Liability Definition





What is Liability?

 

 liability is defined as the future sacrifices of economic benefits that the entity is obliged to make to other entities as a result of past transactions or other past events, the settlement of which may result in the transfer or use of assets, provision of services or other yielding of economic benefits in the future.

 

  • A liability, generally speaking, is something that is owed to somebody else.

  • A liability can also mean a legal or regulatory risk or obligation.

  • In corporate accounting, companies book liabilities in opposition to assets.

  • Current liabilities are a company’s short-term financial obligations that are due within one year or within a normal operating cycle such as accounts payable and taxes owed.

  • Long-term (noncurrent) liabilities are obligations listed on the balance sheet not due for more than a year such as bond interest payments.

 

A liability is defined by the following characteristics:

 

Any type of borrowing from persons or banks for improving a business or personal income that is payable during short or long time;

A duty or responsibility to others that entails settlement by future transfer or use of assets, provision of services, or other transaction yielding an economic benefit, at a specified or determinable date, on occurrence of a specified event, or on demand;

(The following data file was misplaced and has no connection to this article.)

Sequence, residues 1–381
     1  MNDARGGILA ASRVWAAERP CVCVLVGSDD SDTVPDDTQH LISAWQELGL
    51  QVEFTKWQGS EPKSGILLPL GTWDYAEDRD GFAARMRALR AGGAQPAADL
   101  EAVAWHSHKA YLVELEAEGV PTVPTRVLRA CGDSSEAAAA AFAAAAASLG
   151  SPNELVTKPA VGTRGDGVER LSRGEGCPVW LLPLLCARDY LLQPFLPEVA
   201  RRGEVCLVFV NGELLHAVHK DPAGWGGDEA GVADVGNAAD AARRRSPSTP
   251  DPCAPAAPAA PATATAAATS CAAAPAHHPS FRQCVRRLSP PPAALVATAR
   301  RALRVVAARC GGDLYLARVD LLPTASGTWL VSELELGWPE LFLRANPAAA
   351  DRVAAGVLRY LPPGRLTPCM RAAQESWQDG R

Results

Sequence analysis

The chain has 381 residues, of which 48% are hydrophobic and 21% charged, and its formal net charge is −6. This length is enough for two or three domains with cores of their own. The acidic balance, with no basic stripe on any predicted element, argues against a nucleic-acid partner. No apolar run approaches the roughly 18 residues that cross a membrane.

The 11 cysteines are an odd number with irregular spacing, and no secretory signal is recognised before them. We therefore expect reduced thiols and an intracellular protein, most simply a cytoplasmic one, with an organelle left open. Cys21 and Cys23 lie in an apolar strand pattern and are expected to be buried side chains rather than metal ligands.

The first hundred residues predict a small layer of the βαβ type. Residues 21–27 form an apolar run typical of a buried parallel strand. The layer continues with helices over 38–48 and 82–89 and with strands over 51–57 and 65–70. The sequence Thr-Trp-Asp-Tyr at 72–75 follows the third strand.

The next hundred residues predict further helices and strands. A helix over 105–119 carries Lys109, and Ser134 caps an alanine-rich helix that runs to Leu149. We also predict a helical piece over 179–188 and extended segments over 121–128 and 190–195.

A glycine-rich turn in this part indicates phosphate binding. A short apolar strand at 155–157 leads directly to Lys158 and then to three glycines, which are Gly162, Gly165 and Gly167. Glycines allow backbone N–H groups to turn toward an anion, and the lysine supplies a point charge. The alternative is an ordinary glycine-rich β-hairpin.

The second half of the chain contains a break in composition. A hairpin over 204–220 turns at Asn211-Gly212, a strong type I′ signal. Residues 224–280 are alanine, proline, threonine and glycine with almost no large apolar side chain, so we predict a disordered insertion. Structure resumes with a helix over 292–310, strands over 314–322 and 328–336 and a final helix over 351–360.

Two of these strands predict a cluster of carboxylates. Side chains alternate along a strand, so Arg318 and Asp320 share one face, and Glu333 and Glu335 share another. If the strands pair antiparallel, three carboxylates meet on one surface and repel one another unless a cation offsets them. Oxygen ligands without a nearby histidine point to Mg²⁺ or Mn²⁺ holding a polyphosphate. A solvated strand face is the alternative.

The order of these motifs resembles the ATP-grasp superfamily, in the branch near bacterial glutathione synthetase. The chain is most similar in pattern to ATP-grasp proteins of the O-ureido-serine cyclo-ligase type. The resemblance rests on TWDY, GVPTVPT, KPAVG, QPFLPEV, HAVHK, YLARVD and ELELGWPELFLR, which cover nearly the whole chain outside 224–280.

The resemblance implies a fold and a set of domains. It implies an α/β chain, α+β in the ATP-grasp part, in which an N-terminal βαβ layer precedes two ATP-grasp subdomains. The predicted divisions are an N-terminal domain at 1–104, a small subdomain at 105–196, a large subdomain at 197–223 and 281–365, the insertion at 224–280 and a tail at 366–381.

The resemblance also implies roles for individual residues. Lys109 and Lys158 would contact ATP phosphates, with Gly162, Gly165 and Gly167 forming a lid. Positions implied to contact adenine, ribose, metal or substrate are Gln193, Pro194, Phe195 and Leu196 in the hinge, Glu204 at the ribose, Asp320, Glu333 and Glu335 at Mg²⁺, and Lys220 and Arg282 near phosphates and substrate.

A duty or responsibility that obligates the entity to another, leaving it little or no discretion to avoid settlement; and,

A transaction or event obligating the entity that has already occurred

Liabilities in financial accounting need not be legally enforceable; but can be based on equitable obligations or constructive obligations. An equitable obligation is a duty based on ethical or moral considerations. A constructive obligation is an obligation that is implied by a set of circumstances in a particular situation, as opposed to a contractually based obligation.

 

The accounting equation relates assets, liabilities, and owner’s equity:

 

Assets = Liabilities + Owner’s Equity

The accounting equation is the mathematical structure of the balance sheet.

 

Probably the most accepted accounting definition of liability is the one used by the International Accounting Standards Board (IASB). The following is a quotation from IFRS Framework:

 

A liability is a present obligation of the enterprise arising from past events, the settlement of which is expected to result in an outflow from the enterprise of resources embodying economic benefits

— F.49(b)